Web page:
The UL football team on Tuesday surpassed last year’s practice total with four spring practices sessions under their belts. The coronavirus limited the Cajuns to three a year ago, and “two of those were in T-shirts.”
As a result, UL coach Billy Napier estimated that over half the players taking part in this year spring season would be considered newcomers to UL’s spring process.
There are levels to that group as well, though. The Division I transfers are understandably a little ahead of the curve in the early going.
“I would equate it to they have a language that they speak,” Napier said. “It’s not like a child maybe learning their first language. These guys know a language and they’re translating it. And just in general from a maturity standpoint, they’ve been in college and they’ve handled the workload — the academics combined with the training and the meetings and the practice.
“They’re a little bit more physically advanced as well, so I think there’s no question those guys are a little bit further ahead than maybe the mid-year high school players.”
Napier said it’s still way too early to gauge which ones could contribute in the fall. One of those is safety Tyrone Lewis from Kansas State.
“He’s a talented player and we’re very happy to have him,” defensive coordinator Patrick Toney said. “He works extremely hard at it. He cares about football and he’s very football smart. Very competitive. He’s going to get in there and fight for a spot like everybody.”
Two major contributors on last year’s 10-1 squad have already suffered injuries so far in spring practice.
Linebacker Tyler Guidry suffered a shoulder injury requiring surgery that will take place Friday. The Baton Rouge native will be out for the rest of spring, but is expected to return during the summer.
Napier also said wide receiver Jalen Williams was injured in a recent practice and isn’t expected back until after spring break, which is scheduled for the first week in April.
Wide receiver Peter LeBlanc, still hampered by a lower-body injury he suffered in the bowl game, is modified in practice, as are safety Brandon Bishop, offensive tackle King McGowan and wide receiver Trevor Russell.
Along that line, linebacker Chauncey Manac also had postseason surgery and is expected to return during the summer.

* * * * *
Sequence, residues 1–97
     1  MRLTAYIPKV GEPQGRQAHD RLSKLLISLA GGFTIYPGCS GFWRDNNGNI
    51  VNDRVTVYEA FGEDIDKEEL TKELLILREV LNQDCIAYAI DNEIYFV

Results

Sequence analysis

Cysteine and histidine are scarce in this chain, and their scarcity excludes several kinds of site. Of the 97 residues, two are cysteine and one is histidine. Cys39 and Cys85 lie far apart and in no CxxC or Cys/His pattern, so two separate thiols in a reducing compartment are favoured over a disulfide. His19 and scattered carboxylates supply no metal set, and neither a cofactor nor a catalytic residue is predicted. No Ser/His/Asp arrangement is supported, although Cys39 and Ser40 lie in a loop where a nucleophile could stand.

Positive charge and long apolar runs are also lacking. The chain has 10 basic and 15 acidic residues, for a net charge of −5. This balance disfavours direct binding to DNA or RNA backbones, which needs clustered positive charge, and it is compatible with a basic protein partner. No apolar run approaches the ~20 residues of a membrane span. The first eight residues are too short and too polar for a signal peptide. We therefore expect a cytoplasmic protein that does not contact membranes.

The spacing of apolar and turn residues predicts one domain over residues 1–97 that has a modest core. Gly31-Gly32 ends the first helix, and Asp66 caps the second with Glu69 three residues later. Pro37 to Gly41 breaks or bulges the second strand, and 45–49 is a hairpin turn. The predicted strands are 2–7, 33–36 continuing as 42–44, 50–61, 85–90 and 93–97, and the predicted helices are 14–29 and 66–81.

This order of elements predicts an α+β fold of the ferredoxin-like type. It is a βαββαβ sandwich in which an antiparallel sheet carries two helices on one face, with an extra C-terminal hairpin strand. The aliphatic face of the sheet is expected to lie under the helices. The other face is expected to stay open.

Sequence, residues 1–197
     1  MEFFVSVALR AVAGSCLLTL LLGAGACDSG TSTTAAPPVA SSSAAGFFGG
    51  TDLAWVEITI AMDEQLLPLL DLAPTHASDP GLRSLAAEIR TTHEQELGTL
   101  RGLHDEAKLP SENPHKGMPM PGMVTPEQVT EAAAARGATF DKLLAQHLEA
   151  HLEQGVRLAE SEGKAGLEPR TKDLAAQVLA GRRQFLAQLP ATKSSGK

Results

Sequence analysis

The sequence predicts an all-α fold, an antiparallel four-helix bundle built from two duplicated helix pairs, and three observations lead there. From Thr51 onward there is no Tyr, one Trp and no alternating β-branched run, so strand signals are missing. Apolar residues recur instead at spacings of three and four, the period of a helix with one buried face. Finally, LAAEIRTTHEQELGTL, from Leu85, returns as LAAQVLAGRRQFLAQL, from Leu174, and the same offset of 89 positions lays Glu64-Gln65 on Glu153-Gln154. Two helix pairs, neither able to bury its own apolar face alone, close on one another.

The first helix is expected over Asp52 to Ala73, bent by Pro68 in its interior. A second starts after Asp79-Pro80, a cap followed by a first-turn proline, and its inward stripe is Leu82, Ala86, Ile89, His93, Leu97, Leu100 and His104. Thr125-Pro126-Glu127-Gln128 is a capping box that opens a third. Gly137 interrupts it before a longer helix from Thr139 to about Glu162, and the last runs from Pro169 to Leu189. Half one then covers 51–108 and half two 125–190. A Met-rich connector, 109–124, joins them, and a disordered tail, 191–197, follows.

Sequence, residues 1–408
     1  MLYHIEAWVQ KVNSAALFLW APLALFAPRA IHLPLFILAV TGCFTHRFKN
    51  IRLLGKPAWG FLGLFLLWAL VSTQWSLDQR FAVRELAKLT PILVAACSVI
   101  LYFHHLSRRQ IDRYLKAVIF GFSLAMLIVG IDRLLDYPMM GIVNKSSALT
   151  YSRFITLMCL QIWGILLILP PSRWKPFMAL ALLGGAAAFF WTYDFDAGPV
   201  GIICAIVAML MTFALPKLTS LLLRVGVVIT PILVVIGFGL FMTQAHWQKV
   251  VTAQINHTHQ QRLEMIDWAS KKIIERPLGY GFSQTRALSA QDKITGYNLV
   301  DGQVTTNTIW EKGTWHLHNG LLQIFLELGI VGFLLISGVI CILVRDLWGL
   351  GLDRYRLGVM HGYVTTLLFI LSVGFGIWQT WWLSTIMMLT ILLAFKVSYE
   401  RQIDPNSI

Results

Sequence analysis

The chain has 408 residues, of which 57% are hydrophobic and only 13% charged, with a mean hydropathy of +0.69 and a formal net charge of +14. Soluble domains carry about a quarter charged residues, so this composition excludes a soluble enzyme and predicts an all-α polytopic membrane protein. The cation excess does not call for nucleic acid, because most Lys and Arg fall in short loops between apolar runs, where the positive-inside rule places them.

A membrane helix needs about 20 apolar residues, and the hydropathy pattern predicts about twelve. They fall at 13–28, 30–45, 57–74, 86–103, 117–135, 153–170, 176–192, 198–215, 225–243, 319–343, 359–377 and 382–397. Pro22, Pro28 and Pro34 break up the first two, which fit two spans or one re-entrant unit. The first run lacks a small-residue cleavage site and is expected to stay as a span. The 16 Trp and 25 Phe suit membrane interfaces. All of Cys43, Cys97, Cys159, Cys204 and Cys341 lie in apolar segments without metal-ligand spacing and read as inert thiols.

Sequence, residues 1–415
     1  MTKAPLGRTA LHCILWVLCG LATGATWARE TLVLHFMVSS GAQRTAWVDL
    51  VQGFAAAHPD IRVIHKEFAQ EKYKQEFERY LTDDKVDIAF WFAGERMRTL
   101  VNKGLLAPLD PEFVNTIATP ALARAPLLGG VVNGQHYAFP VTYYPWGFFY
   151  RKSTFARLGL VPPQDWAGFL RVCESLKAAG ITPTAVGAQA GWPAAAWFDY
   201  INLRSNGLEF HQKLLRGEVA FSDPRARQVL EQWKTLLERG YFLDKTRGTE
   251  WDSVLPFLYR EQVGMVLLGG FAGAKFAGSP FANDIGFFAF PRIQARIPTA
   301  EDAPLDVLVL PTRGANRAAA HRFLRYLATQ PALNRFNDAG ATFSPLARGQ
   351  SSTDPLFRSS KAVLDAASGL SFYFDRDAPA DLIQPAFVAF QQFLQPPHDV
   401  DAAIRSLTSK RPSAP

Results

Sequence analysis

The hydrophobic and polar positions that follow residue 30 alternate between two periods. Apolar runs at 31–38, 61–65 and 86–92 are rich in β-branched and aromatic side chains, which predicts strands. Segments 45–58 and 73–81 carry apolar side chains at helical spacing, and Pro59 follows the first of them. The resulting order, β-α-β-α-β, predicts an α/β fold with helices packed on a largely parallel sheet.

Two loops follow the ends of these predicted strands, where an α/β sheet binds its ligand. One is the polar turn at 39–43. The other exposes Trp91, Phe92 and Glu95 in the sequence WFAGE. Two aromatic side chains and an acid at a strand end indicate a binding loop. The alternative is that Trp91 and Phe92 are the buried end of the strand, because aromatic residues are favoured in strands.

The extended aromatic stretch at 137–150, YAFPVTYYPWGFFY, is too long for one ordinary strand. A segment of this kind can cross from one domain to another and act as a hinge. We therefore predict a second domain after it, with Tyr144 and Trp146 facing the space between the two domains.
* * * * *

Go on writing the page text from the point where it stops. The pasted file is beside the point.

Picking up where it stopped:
With Guidry and Manac out and Joe Dillon not returning, the team is looking to establish depth at linebacker.
One player stepping up early on is freshman linebacker and Kansas transfer Clinton Anokwuru of Richmond, Texas.
“He is showing promise,” Napier said. “He certainly needs to become a more consistent player, but man, he’s got some unique ability. He’s a guy that I think will have a chance to impact our team.”
Napier also gave a nod to redshirt sophomore AJ Riley, who contributed 17 tackles, three stops behind the line and a sack last season.
“(Riley) played well for us last year,” Napier said. “I’m very impressed with how he responded last year when given the opportunity.”
Special teams standout Tanner Wiggins is also getting snaps at linebacker.
Especially during the spring season, the coaching staff is actually much deeper than the actual list of coaches that comprise the staff directory.
The Cajuns, for example, have a big group of fifth, sixth and seventh-year seniors on the squad capable of doing plenty of tutoring and mentoring to the newcomers during the spring installation process.
“One of the approaches that we’ll take is maybe take one of those young players that we think has ability and we’ll put him in practice setting where he’s around a bunch of veterans,” Napier said.
“So let’s just say, we’ve got a young newcomer at left guard, who maybe is a little behind, but you put him with a center and a left tackle that has some experience and really understands our system, I think that allows the guy to play a little bit faster and allows us to evaluate the player.”
The one position that can’t benefit much from that approach is quarterback.
“We have four rookies that are completely new to our system in that room," Napier said. "That’s going to be a process in itself independent of our team, and a very important one at that.”